Tired Of His Dog With End-Stage Cancer, The Owner Abandoned Her To Live On The Street


The Happy Animals Club responded immediately to a student's call reporting a dog wandering the streets with a sizable tumor.

She is an elderly woman, and the tumor really is large, making it difficult for her to walk. She was once known as Gertrude, or Trudy.

As soon as they gave Trudy some food, she stopped fighting against being arrested. She must have endured prolonged starvation. She appeared terribly depressed and worn out; the tumor had sapped all of her energy.

To prevent chafing, Trudy wore a collar made of rope to which parts of a garden hose were fastened. Whoever looked after her seemed to be a loving but lowly person.

Before going to the clinic, Trudy bought a walkie-talkie. When a clinic checked her, they discovered that her massive tumor ran up and down both of her mammary glands. In her right axilla, they also discovered another tumor.

The procedure for Gertrude is set for the following day. More awful news has emerged. Her blood results were significantly worse than anticipated. This implies that there is a high risk associated with the procedure. However, the risk of doing nothing is far greater. For Trudy to have any chance of survival, this procedure is essential.

Trudy is too weak to eat due to recent major surgery, so we syringe-fed her a can of slurry. She complied, which is fortunate. The malignancies have, unfortunately, already spread to other areas of her body, according to the surgeons. She doesn't have much time left."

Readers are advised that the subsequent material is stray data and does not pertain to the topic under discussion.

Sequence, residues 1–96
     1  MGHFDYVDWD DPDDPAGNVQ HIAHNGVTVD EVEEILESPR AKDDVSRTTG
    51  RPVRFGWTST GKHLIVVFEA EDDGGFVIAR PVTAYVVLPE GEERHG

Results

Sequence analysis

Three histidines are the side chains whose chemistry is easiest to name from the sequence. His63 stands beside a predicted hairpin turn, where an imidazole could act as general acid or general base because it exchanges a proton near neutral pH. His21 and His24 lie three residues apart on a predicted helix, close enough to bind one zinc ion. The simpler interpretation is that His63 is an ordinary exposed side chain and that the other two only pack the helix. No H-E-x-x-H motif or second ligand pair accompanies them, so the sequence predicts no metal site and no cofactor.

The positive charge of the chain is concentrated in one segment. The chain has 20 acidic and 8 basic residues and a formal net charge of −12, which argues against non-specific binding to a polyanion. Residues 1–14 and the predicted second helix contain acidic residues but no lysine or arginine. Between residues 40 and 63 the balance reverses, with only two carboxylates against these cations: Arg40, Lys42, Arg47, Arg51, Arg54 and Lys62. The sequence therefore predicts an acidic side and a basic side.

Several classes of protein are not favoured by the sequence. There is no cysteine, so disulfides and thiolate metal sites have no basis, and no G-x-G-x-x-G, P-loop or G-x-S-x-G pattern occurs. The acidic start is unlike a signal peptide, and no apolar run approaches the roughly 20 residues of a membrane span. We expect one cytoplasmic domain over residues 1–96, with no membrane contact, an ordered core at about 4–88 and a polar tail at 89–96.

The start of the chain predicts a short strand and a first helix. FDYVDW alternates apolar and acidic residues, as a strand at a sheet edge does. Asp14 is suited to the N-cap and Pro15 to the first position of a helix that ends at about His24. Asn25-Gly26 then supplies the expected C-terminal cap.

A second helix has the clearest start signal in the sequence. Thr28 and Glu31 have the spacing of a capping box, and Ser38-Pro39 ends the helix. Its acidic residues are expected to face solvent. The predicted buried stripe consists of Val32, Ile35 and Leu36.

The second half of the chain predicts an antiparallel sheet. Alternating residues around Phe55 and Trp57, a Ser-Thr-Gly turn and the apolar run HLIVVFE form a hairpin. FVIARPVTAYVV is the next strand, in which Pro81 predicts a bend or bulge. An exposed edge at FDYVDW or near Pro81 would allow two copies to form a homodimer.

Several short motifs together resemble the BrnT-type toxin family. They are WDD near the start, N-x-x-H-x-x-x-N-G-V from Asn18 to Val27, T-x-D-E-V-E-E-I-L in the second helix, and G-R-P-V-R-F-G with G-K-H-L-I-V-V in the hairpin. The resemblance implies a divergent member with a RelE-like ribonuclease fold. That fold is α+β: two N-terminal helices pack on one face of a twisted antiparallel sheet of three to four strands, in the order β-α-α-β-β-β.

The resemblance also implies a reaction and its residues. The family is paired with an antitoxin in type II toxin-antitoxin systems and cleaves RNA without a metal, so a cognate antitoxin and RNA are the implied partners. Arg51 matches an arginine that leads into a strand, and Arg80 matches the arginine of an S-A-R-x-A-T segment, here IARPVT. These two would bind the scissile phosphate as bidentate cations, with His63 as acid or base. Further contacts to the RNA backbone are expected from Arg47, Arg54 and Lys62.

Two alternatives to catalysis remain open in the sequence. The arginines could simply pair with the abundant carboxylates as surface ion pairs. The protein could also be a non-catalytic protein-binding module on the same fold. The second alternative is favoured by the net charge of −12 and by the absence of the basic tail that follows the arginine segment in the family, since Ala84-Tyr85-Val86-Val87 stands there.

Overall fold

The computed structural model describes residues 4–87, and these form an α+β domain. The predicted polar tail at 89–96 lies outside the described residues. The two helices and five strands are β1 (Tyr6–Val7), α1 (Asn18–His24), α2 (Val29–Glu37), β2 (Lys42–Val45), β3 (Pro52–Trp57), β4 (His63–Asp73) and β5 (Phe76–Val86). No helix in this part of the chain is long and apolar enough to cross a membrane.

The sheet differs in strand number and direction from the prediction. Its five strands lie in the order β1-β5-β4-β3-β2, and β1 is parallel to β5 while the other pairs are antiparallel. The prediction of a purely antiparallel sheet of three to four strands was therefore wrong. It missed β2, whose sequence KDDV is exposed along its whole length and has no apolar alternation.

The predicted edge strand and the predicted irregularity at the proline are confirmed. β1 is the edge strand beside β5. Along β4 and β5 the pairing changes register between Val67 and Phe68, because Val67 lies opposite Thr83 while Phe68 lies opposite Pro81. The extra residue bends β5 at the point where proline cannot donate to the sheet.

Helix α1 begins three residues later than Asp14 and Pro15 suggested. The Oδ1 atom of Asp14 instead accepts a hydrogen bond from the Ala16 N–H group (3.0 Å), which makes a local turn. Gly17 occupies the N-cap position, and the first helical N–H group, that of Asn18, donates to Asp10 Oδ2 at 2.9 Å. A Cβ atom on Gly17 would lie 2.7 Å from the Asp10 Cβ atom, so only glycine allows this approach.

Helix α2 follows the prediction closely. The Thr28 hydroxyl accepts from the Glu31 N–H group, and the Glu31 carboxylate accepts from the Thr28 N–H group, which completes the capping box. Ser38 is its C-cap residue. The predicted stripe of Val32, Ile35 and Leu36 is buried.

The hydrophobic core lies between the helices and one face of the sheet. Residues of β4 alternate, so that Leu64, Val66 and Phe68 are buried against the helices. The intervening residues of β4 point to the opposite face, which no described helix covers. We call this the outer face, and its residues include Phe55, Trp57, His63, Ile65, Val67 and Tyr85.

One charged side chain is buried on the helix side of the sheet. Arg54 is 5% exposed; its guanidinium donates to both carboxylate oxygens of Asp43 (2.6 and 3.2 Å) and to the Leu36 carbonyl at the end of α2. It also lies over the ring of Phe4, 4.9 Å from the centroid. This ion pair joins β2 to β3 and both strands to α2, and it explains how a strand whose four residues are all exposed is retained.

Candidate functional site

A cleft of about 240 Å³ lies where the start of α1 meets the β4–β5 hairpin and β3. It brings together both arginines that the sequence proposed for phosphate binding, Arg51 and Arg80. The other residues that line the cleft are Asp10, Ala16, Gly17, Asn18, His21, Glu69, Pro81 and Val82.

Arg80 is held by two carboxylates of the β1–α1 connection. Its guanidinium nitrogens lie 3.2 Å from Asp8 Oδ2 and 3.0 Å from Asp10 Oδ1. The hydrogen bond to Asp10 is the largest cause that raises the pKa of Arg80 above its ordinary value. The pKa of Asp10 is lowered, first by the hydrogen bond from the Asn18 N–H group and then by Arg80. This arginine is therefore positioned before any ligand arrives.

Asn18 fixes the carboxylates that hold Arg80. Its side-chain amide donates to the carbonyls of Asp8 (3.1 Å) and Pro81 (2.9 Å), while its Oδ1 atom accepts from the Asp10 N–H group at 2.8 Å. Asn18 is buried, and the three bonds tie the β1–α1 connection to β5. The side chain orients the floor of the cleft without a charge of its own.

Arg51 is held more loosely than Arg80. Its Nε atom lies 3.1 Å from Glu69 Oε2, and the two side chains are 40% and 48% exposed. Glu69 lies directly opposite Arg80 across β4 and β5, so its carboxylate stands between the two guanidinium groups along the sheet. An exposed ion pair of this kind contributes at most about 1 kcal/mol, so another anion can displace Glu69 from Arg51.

Trudy has 41 stitches in her. Trudy received more stitches than any other patient ever before had a complete mastectomy. They took a sample of Trudy's blood and ran tests on it after she stopped eating.

There was no infection that returned despite the doctors' expectations. The outcome, however, indicated that her red blood cell count is virtually zero. The blood sample they were able to obtain from Trudy's narrow, deep-skinned veins was very little.

Even though she was unhappy about it, they gave her steroids and syringe-fed her slurry in the interim. Trudy always takes her medication quite well. Her stitches were removed a few days ago. The wound recovered well.

"There were times when we questioned whether it was the correct course of action to subject a terminal dog to significant surgery," her veterinarian admitted.

It most certainly was. Trudy may be covered in tumors, but she doesn't display them. She enjoys life, is active, eats a lot, and is content.

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